Bluffing is an essential part of Texas Hold’em, and you can’t expect to become a successful player if you aren’t capable of pulling off an occasional bluff here and there.

Obviously, you shouldn’t be trying to win every single hand, but taking down the pot when you are holding rags is both pleasurable and profitable, so it has to be a part of your game.

Essentially, there are two large groups of poker players: those who bluff way too much and those who don’t do it nearly enough. Both of these extremes are bad and will cause you to lose money in the long run. Like with most things in poker, you want to be somewhere in the middle.

Of course, this is easier said than done, and it takes a lot of experience and practice to recognize good bluffing spots. So, in this article, I will try to make finding that golden balance a bit easier for you.

bluffing

1. Avoid no-equity bluffs

People love bluffing in poker and slamming their hand proudly on the table to show how they won the pot with just 6-high. While this may seem fun, making plays with hands that have little to no actual equity, can be very problematic, and is almost guaranteed to lose you money in the long run.

When you’re deciding whether to bluff or not, you’ll want to pick spots where you have at least some equity, for instance a gutshot straight draw, a couple of overcards, or at least a backdoor flush draw.

With these hands, you not only could win if your opponent folds, but you also have the chance to improve and win a big pot at showdown if called. While this may not seem like a big deal, it actually can make all the difference in the world.

All this isn’t to say that you should never bluff without additional equity, but you should stick to doing so in position and when you are the pre-flop raiser. In most other cases, try to pick some hands that have a chance to improve, and leave yourself more room for maneuvering on future streets.

2. Plan your bluffs ahead

If your plan is to try and bluff on the flop and “see what happens,” you’re probably better off not bluffing at all. The “let’s bet and hope” approach won’t get you very far.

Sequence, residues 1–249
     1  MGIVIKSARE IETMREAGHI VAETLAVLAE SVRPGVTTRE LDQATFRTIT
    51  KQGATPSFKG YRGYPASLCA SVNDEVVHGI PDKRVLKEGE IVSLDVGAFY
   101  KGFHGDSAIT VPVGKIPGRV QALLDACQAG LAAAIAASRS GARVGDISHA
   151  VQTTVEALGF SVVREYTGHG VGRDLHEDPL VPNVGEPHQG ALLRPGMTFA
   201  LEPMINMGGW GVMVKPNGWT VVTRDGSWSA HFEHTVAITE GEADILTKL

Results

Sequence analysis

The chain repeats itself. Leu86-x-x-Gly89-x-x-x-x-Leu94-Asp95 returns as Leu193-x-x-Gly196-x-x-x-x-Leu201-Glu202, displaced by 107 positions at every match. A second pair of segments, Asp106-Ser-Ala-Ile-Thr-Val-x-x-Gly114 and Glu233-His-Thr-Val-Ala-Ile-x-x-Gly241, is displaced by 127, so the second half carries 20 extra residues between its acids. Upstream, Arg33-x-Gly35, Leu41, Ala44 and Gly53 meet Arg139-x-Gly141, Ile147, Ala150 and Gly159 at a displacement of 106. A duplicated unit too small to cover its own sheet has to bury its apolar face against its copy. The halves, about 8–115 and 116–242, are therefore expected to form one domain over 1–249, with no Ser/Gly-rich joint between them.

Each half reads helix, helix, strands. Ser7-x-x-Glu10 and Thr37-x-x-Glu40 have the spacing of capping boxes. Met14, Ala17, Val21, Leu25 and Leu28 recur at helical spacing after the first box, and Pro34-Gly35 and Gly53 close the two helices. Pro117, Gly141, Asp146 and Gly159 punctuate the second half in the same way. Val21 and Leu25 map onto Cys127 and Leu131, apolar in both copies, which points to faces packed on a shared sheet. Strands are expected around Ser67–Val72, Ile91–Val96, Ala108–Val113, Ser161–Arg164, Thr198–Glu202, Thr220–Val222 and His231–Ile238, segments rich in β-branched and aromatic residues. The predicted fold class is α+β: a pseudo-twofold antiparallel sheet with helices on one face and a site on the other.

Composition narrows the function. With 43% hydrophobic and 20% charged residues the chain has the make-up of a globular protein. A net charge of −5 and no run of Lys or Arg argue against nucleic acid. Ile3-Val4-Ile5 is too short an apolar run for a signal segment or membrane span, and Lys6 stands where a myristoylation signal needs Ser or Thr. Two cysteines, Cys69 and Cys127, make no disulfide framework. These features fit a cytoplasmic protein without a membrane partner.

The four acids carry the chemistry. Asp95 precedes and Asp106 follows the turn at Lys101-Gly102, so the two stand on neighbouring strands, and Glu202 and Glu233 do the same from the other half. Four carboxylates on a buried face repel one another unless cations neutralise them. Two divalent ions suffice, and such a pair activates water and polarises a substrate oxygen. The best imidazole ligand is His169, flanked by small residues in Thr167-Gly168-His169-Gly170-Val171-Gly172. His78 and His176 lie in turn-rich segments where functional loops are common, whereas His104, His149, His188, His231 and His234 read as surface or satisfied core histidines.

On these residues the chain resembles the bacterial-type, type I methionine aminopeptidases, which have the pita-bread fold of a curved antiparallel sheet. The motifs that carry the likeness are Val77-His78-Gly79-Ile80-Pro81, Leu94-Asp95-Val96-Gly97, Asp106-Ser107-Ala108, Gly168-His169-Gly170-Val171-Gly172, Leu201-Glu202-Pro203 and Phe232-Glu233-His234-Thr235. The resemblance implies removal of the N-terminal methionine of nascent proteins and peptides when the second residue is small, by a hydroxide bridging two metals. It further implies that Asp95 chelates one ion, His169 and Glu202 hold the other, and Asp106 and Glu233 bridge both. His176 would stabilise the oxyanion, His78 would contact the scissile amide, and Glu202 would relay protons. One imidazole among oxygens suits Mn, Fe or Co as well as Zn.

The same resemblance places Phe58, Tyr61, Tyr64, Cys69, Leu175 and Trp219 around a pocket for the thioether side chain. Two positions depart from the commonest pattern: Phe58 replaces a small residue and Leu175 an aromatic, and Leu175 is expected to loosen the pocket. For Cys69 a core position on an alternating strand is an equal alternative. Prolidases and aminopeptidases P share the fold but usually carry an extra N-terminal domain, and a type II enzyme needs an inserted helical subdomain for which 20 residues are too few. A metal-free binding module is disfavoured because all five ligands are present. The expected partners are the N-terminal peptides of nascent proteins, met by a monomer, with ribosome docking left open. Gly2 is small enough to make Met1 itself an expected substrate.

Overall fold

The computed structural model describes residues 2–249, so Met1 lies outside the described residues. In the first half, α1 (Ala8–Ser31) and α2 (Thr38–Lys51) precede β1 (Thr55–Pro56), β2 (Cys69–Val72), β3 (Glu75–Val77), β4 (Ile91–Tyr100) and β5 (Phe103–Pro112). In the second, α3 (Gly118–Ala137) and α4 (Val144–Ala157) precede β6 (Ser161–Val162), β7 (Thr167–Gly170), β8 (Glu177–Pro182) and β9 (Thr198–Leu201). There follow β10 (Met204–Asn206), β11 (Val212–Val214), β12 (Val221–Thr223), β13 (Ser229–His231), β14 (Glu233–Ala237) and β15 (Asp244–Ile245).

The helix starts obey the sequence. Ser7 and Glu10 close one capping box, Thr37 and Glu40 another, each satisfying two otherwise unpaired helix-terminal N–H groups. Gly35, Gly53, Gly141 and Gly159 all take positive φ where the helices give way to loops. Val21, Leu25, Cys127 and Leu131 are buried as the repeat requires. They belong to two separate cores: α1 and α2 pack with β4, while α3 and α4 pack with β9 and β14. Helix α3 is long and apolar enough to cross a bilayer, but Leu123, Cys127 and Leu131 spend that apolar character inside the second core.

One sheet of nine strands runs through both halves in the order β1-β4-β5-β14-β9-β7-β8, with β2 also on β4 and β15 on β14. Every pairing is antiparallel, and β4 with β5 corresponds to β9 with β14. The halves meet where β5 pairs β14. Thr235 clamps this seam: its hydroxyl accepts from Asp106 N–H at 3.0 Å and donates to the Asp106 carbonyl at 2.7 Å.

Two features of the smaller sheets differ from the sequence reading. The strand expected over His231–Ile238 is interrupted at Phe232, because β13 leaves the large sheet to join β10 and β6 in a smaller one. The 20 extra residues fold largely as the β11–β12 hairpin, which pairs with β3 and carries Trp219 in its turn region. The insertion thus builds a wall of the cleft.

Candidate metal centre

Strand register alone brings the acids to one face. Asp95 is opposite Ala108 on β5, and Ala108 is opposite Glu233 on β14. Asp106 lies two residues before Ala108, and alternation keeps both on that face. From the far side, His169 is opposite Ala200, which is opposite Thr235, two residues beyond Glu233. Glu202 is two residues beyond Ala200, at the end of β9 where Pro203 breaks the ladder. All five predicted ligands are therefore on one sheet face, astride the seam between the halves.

When you’re deciding to pull a bluff, you need to think ahead about various possible scenarios. What happens when your opponent calls? Are there certain turn cards where you’ll want to slow down? When will you continue barreling? What if you get raised?

All of these are real possibilities, and you should be prepared for every single one of them before you put a single chip into the pot.

plan prepare perform

When you start bluffing on the flop, you should already have several scenarios developed in your head about how you get to the river. By thinking ahead, you’ll often find that some spots aren’t as good for bluffing as you might have thought at first, and it will save you a lot of money on the way.

3. Know when to pull back

Knowing when to take your foot off the gas pedal and save your chips is an important piece of an overall bluffing strategy. There’s no shame in giving up in a spot where you’re just not going to win. In fact, giving up in such scenarios is a rational decision that should involve no emotions; i.e., exactly how you should be thinking at the table.

Don’t worry about “looking bad” or “weak” if you give up. Just think about the most profitable action you can take at that moment. The fact that you’ve already invested chips in the pot does not mean a thing, and you should only concentrate on the current decision.

Therefore, if turn or river brings a card that is much better for your opponent and makes his range stronger, do not force yourself to continue betting. This might seem like a very straightforward tip, but many of my players get married to their hands and can’t stop bluffing even when they should.

On a more minor note, you should not try to bluff passive recreational players too much, since they are not going to fold as much as they should. You ought to adjust your strategy appropriately. Luckily, it is very easy to do that online with the help of poker software. In live games, just be sure you closely observe all the players at the table.

Most importantly, never rush to make the final decision. If you leave yourself enough time (within reason, of course), you will be able to think situations through and find many profitable spots for bluffing.

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